Trocar 14 is an elongate member having a body 33 with a sharpened distal tip 33' formed for insertion through tissue. Tip 33' is conical or pyramidal in shape and is sufficiently sharp to be able to be penetrate and be physically pressed through the layers of skin, connective tissue and the peritoneum in the abdominal wall of a patient, in order to gain access to the interior of the peritoneal cavity. Proximal end 33" of trocar 14 supports lock pins 32 and is enlarged to form a handle. Proximal end 33" can be formed integral with body 33 or can be formed separately and bonded thereto. Trocar 14 is formed from any suitable material useful for production of surgical instruments such as, for example, stainless steel or medical grade plastic.
Trocar 14 has formed therein a lumen 34, shown in phantom. Openings 36 and 38 at proximal end 33" and distal tip 33', respectively, allow access to lumen 34. Lumen 34 is formed to accept and closely surround needle member 16. Lumen 34 adjacent distal tip 33' is narrowed to prevent needle member from passing fully through lumen 34 and to support member 16.
In the preferred embodiment, member 16 includes a tube 40 having a needle 42 bonded thereto. The inner bore 43 of tube 40 is in communication with the inner bore (not shown) of needle 42. Tube 40 is preferably formed of injection moulded, clear plastic. Lock pins 44 are provided on tube 40 for cooperation with female lock channels 46 formed in proximal end 33" of trocar 14. Lock assembly 44, 46 allows the locking of member 16 into engagement with trocar 14 for purposes of transport or use where member 16 must be supported within lumen 34. A luer lock connection 48 is formed at proximal end 40" of tube 40 for connection to medical instruments such as syringes and intravenous tubing.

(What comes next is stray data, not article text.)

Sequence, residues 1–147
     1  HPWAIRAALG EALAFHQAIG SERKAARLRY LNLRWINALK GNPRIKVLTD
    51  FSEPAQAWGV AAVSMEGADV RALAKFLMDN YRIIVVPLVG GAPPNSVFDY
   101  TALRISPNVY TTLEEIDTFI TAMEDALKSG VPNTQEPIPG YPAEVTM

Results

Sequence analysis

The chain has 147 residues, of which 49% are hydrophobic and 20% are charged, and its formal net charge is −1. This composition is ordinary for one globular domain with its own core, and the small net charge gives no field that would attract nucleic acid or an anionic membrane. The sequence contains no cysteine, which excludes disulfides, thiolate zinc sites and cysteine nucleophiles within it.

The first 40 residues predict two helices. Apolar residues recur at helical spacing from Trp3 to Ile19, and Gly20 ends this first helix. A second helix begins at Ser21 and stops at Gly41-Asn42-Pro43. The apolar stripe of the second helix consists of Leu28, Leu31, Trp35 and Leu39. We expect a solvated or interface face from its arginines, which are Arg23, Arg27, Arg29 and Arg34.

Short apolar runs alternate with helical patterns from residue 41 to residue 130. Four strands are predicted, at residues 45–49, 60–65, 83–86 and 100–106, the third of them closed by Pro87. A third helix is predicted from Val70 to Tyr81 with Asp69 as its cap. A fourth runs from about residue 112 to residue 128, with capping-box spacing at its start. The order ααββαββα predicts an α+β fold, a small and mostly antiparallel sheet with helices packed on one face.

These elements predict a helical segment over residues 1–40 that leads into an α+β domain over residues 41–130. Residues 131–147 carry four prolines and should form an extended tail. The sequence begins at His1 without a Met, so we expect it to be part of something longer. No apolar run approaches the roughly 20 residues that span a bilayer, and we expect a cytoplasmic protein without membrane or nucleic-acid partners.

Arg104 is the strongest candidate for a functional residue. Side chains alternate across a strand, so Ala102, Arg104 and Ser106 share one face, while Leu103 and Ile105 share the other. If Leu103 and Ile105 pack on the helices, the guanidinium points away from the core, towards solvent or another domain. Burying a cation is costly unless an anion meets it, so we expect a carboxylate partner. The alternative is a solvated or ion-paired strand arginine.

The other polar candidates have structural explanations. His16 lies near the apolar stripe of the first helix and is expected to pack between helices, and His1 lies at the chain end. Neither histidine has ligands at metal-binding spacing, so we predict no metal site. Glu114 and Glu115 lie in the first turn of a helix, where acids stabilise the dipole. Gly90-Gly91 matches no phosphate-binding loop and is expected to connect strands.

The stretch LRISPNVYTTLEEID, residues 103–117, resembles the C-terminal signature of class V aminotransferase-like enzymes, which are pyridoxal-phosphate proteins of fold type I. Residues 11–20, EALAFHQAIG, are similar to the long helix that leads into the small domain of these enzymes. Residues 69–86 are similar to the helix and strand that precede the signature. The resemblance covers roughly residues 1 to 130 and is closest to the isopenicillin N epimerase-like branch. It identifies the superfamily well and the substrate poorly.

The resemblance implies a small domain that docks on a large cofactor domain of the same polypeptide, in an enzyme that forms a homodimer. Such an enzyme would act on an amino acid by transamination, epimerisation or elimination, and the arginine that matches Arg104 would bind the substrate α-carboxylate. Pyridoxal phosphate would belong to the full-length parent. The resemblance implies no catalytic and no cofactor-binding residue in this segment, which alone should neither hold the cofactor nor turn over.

In use, elongate member 16 is slidably disposed in lumen 34 and can extend out through openings 36 and 38. The outer surface of tube 40 may be lubricated with a suitable inert lubricant such as, for example, silicone to facilitate the sliding movement of member 16 within trocar 12.
Needle 42 is bonded to tube 40 in a suitable way which will allow communication between the inner bore of tube 40 and the bore of needle 42. Needles of various gauges and lengths are useful depending on the patient requirements.
To identify the positioning of member 16 within lumen 34 of trocar 14, a marker 50 is provided on tube 40. Marker 50 is positioned along tube 40 to indicate that the tip of needle 42 is adjacent to tip 33' of trocar 14.
For use in confirmation of placement of needle 42 within a body cavity, preferably, a wire 51 having a flexible tip 51' is provided for use with the instrument. A distance marker is marked on wire 50 to indicate, during use, that tip 51' is even with the tip of the needle. Wire 51 and is preferably formed entirely of stainless steel and has a suitable diameter to permit its easy passage through the bore of needle 42. The end of flexible tip 51' is formed blunt to avoid injuring the patient during use.
Laparoscopic instrument 10 of the present invention is assembled in preparation for use, by placing trocar 14 in the bore of cannula 12 such that sharpened tip 33' is exposed at tip 18' of cannula 12. Member 16 is, in turn, placed in lumen 34 of trocar 14 such that hypodermic needle 42 extends through opening 38 and proximal end 40" of tube 40 extends through opening 36.